“Thy will be done.”

I don’t have enough time to write a solid post today, but I wanted to share this with you. I got a book of St. Francis de Sales’ letters at the local Catholic bookstore a few days ago, and the first letter inside is one he wrote to a young woman who wanted to be a nun but kept running into obstacles. It reads:


You should resign yourself entirely into the hands of the good God, who, when you have done your little duty about this inspiration and design which you have, will be pleased with whatever you do, even if it be much less. In a word, you must have courage to do everything to become a religious, since God gives you such a desire: but if after all your efforts you cannot succeed, you could not please our Lord more than by sacrificing to him your will, and remaining in tranquillity, humility, and devotion, entirely conformed and submissive to his divine will and good pleasure, which you will recognize clearly enough when, having done your best, you cannot fulfil your desires.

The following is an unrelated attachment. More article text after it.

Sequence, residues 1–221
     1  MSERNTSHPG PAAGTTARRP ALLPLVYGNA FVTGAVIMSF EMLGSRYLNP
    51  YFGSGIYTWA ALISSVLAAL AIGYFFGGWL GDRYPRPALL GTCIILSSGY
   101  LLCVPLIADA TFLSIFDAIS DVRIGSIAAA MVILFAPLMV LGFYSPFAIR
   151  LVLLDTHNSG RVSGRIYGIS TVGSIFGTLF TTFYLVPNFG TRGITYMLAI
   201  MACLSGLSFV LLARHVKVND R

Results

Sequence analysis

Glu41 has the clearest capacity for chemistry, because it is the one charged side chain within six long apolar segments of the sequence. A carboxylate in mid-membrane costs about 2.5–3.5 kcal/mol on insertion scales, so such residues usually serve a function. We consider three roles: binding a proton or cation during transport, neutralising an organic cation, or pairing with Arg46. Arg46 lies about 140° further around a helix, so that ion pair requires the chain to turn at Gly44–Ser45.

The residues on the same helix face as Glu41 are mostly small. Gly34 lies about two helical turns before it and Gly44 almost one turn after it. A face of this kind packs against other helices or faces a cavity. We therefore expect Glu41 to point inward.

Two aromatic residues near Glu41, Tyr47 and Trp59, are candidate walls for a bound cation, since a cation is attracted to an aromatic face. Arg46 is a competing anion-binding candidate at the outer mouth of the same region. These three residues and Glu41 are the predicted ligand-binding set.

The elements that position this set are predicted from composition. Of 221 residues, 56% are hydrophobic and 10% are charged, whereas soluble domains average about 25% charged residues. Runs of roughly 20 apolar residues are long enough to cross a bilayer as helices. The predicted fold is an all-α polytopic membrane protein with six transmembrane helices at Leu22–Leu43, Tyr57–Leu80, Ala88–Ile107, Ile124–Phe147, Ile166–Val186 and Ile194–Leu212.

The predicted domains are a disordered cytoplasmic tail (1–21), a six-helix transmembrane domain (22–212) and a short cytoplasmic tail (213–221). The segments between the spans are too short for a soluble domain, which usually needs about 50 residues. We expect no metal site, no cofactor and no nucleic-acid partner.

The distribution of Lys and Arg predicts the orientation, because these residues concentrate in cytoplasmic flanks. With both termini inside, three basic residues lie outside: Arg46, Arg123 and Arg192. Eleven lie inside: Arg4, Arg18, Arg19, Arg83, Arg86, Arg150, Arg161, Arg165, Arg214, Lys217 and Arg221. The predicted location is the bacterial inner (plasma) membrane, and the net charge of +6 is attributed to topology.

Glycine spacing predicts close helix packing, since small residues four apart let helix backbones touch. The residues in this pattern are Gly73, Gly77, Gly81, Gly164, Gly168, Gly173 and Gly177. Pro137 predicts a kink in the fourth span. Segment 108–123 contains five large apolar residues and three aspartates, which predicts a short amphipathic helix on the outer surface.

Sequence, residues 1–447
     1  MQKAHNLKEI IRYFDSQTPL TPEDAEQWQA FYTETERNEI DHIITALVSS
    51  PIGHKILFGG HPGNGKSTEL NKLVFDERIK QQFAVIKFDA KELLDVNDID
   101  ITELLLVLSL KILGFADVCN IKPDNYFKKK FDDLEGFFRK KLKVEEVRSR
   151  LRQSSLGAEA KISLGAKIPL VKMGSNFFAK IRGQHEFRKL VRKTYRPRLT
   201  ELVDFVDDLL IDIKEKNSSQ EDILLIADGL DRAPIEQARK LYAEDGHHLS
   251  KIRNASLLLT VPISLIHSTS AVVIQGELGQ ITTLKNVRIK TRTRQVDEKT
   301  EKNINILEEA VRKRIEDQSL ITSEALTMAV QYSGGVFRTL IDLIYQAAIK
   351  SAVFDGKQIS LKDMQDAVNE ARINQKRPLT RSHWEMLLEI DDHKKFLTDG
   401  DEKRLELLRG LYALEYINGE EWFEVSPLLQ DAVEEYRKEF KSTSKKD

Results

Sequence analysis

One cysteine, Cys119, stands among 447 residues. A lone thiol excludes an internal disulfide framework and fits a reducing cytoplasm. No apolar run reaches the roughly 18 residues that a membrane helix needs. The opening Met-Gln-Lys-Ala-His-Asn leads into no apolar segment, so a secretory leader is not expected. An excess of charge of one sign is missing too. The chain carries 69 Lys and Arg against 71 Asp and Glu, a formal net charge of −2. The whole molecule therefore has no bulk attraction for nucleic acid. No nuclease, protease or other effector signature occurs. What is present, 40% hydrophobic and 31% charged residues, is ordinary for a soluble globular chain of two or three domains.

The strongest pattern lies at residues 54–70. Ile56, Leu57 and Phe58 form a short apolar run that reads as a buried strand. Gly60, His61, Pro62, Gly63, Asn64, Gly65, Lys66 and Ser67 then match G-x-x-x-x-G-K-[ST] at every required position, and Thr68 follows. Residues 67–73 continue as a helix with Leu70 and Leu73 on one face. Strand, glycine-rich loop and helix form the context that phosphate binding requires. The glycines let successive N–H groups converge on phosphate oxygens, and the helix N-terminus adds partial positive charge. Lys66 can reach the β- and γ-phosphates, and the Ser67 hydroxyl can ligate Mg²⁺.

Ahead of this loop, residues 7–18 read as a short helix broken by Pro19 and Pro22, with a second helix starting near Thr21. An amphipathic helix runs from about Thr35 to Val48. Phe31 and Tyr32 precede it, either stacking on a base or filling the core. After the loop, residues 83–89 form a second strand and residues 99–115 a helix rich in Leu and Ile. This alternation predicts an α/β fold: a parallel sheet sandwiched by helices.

For our good God sometimes tries our courage and our love, depriving us of the things which seem to us, and which really are, very good for the soul; and if he sees us ardent in their pursuit, and yet humble, tranquil, and resigned to the doing without and to the privation of the thing sought, he gives us blessings greater in the privation than in the possession of the thing desired; for in all, and everywhere, God loves those who with good heart, and simply, on all occasions, and in all events, can say to him,


      -St. Francis de Sales, Letter XVIII

He writes about this often: God wants to be obeyed. He wants you to trust him. He appreciates it when you try to go and do something good…but if it doesn’t happen, it doesn’t necessarily mean you failed. It just means it isn’t what was meant to be right then.

It can sound fatalistic, but to me, it’s kind of comforting. No matter what you do, if it’s done with love, that’s your salvation.

Published by Catherine Addington

I am a translator from Spanish to English and a writer on saints, myths, and icons in both religious and secular contexts.

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